Liquor Aging Warehouses[edit]

The external reference HID - SAFETY REPORT ASSESSMENT GUIDE: Whisky Maturation Warehouses, mentions BLEVE 8 times. Here is another reference to a BLEVE event at a whiskey aging (maturation) warehouse:

Also, there is an article that says, “thousands of bourbon casks had been exploding like gunfire at the peak of the blaze in a seven-storey warehouse”. It is at: — Preceding unsigned comment added by Final Approach (talkcontribs) 10:40, 3 April 2014 (UTC)


I have added the logo for the Chemical and Biochemical Engineering Project, since chemical engineers must often consider the potential hazards of BLEVEs in designing process facilities. Many of these engineers have knowledge and experience that can add to this topic. Less-experienced engineers may consult Wikipedia for guidance on the topic. ChemE50 (talk) 05:33, 10 September 2014 (UTC)

Crude oil and diesel don't BLEVE[edit]

I've removed the reference to the incident involving the oil tanker train that wrecked in Canada. I'm no rocket surgeon but I'm pretty sure crude oil does not boil at room temperature and therefore does not belong in a BLEVE article.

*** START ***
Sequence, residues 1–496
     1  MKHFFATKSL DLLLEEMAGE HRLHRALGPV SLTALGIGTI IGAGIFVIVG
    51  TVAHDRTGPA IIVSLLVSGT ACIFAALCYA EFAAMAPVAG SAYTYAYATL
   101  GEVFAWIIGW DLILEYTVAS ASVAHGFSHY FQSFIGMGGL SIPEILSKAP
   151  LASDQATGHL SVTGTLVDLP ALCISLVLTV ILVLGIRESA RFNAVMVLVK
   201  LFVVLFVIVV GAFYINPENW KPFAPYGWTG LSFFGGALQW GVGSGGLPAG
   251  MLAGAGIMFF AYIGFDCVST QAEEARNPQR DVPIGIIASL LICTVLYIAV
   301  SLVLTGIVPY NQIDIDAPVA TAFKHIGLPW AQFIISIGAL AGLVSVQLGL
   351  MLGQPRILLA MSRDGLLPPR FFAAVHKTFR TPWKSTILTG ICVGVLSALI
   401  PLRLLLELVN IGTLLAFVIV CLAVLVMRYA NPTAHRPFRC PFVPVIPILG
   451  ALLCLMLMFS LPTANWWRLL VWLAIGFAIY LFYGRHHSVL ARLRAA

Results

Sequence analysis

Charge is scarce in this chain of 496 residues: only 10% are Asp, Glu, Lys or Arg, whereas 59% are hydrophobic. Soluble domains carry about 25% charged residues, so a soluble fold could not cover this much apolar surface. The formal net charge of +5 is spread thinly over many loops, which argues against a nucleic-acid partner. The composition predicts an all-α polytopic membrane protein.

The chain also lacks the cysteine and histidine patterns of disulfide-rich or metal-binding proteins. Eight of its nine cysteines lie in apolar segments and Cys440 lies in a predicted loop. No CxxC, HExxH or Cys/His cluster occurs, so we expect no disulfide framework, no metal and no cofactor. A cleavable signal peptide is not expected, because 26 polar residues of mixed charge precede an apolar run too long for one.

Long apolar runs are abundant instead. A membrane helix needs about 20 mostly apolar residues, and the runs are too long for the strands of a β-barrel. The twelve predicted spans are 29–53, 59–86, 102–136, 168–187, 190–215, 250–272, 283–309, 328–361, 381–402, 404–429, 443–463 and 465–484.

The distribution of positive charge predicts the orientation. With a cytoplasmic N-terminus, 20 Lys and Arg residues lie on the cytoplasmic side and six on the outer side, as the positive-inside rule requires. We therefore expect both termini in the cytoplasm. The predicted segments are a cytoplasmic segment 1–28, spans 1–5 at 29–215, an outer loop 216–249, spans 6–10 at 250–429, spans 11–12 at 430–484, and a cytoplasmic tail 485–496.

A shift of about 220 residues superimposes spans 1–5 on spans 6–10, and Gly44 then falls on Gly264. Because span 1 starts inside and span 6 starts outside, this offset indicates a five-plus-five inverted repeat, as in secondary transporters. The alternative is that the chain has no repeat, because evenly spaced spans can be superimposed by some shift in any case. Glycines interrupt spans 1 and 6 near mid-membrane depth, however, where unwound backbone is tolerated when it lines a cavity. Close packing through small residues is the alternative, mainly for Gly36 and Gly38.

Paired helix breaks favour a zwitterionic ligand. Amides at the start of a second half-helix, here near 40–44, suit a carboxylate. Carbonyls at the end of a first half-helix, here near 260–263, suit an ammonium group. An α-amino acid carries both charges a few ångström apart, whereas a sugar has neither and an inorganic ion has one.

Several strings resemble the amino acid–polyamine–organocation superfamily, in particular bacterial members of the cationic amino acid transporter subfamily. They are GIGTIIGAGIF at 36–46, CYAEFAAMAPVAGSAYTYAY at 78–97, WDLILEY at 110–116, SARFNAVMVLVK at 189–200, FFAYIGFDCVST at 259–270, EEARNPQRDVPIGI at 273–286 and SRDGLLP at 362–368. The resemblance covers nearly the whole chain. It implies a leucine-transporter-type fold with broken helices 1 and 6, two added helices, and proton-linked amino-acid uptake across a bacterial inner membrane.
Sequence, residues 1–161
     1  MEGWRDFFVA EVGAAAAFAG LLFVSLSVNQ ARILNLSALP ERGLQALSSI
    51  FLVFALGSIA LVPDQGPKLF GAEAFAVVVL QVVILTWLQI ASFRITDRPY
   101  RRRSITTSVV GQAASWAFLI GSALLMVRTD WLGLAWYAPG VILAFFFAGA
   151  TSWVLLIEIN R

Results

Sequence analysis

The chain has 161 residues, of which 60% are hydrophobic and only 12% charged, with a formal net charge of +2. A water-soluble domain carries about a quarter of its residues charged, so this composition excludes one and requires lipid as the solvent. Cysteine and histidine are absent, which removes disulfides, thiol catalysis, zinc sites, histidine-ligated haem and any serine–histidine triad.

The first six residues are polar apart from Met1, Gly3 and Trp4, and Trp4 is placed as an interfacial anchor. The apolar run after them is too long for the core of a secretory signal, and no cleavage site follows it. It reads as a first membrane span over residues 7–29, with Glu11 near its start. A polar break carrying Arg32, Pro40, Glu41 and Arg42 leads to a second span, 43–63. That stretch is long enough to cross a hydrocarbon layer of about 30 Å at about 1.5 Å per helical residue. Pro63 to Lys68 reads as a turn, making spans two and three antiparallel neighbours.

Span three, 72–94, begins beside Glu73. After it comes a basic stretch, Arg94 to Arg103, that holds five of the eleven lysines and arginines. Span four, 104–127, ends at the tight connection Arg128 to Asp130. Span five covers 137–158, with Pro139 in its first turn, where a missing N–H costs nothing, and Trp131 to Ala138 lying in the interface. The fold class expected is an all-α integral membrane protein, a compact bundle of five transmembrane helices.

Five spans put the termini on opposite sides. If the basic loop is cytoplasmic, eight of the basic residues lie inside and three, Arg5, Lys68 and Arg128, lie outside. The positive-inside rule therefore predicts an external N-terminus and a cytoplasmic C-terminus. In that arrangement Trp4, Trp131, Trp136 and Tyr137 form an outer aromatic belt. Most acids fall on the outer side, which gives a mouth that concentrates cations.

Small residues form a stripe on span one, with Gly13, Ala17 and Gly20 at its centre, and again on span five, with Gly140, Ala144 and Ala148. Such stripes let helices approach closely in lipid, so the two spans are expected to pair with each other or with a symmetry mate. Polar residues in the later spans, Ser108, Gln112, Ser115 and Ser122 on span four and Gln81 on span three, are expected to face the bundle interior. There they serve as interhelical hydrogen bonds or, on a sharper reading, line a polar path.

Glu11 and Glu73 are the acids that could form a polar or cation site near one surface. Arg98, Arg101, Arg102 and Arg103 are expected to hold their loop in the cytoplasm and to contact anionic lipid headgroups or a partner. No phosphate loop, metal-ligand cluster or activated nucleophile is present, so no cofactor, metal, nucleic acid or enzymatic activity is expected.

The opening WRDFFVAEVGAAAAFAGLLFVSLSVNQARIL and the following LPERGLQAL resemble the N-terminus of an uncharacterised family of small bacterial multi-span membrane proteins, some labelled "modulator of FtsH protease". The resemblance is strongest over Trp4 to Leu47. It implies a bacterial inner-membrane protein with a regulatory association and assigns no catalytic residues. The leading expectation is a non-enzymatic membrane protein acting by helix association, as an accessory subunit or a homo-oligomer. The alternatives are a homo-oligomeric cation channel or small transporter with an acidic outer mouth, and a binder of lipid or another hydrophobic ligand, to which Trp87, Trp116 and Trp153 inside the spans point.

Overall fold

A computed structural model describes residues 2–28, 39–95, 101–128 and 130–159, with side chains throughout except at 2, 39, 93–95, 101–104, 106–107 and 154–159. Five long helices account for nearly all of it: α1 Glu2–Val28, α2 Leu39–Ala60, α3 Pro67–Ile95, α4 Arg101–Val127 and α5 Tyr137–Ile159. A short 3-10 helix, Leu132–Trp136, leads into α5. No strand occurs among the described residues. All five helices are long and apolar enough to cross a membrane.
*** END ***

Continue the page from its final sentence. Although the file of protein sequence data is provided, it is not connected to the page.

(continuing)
Strange Italica in paragraph before Water Example[edit]

This paragraph:

If the pressurized vessel, containing liquid at high temperature (which may be room temperature, depending on the substance) ruptures, the pressure which prevents the liquid from boiling is lost. If the rupture is catastrophic, where the vessel is immediately incapable of holding any pressure at all, then there suddenly exists a large mass of liquid which is at very high temperature and very low pressure. This causes the entire volume of liquid to instantaneously boil, which in turn causes an extremely rapid expansion. Depending on temperatures, pressures and the substance involved, that expansion may be so rapid that it can be classified as an explosion, fully capable of inflicting severe damage on its surroundings.

Is full of italics that really break the 'flow' as you read. They aren't really serving a purpose, it's as if the writer decided you weren't capable of adding appropriate emphasis and did it for you. I will remove the italics it a few days if no one replies. WikiWisePowder (talk) 04:46, 18 December 2015 (UTC)